The problem of art (as well as science) is to compress and compact without undue distortion. Abundant redundancy in art and culture entails a sense of security and continuity, but it is also associated with exaggerated risk-aversion – satiety and stagnation. Absence of redundancy, on the other hand, induces anarchy and the collapse of collaborative play. A fine balance between the innovative development of the game and confidence-producing feedback is essential to the maintenance of artistic creativity, and equally to the viability of society as a whole.

The measure of man

The vernacular is extraordinary flexible but it cannot cope with literally inexpressible issues. Literature, poetry as well as prose, is capable of transmitting in words implicit information, way beyond that explicitly conveyed. Forms and colors and pictures, still as well as moving, art in all its multiplicity takes the measure of man in his entire complexity. Music, the most abstract and most concrete of art forms, sets our psyche reverberating and helps us to become one with our innermost emotions.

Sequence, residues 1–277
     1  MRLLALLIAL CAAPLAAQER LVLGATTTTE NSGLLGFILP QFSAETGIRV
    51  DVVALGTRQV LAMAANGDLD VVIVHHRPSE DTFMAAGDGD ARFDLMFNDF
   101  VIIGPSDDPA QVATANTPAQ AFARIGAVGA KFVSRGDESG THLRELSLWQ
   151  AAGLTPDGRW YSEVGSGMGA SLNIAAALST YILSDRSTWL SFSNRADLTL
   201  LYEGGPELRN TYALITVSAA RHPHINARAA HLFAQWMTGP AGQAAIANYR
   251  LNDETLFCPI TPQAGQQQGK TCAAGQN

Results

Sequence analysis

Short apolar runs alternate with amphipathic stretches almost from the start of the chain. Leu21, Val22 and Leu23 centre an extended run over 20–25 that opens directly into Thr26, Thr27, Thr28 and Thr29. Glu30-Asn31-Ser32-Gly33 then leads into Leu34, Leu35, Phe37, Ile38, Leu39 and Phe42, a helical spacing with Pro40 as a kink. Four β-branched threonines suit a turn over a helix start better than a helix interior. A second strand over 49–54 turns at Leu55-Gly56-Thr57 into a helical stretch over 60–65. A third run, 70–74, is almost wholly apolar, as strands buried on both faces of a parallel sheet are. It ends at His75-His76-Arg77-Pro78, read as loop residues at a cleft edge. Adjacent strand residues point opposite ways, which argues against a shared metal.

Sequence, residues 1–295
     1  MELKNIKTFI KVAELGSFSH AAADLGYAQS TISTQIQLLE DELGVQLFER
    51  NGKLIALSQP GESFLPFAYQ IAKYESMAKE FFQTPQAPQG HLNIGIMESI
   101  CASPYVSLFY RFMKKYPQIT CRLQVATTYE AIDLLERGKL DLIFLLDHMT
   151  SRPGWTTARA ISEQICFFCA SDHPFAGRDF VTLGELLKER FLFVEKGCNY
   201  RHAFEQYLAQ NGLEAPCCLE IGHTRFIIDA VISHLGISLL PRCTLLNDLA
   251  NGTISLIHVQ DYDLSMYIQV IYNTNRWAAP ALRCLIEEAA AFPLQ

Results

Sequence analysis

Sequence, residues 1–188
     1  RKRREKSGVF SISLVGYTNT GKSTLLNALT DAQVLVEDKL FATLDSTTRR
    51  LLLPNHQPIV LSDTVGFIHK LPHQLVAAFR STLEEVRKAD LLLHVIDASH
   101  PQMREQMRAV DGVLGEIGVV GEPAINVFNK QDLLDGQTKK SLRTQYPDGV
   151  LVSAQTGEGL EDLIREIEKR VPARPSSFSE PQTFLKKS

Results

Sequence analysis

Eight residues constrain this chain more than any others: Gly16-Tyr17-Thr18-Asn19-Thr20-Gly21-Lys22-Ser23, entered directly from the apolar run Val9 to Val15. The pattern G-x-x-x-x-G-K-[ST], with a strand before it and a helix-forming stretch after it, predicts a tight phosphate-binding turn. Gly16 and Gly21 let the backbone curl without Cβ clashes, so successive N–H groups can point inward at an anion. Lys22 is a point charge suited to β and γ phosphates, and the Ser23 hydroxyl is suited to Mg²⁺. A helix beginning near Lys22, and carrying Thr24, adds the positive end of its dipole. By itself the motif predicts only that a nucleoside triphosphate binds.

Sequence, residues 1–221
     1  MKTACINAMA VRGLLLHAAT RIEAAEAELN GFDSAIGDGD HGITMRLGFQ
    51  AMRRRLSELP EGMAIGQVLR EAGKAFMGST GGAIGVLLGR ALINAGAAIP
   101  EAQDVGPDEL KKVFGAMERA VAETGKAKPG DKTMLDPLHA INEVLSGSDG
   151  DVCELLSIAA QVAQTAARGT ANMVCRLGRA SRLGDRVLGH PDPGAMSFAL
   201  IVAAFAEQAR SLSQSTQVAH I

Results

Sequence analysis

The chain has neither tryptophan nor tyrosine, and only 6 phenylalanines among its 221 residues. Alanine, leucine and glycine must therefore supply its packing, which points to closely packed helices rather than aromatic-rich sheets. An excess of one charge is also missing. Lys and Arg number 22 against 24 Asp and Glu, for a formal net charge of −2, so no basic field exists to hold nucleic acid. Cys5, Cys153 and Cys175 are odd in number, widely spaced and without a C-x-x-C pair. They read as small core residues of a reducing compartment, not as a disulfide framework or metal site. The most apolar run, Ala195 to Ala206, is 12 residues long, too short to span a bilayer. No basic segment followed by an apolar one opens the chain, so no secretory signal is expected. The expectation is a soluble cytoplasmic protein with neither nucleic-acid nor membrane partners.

Only in retrospect is it possible to make out the enigmatic grammar of aesthetic languages, to discern the pattern of the cultural game. Here and now the cultural compass spins wildly, and every possible direction will have its eloquent advocates. In science, we can rely on nature providing the final verdict, but in art man is the only available arbiter: he must decide the truth about himself. Freedom of choice is our collective lot, and modern art rubs it in by throwing up a plethora of competing approaches. Each and everybody fights in Darwinian fashion for our attention, displaying their wares and values. We may prefer to sit on the fence, but only by absorbing our existential uncertainty can we steady the compass, choose our past, determine our position and stake out the future.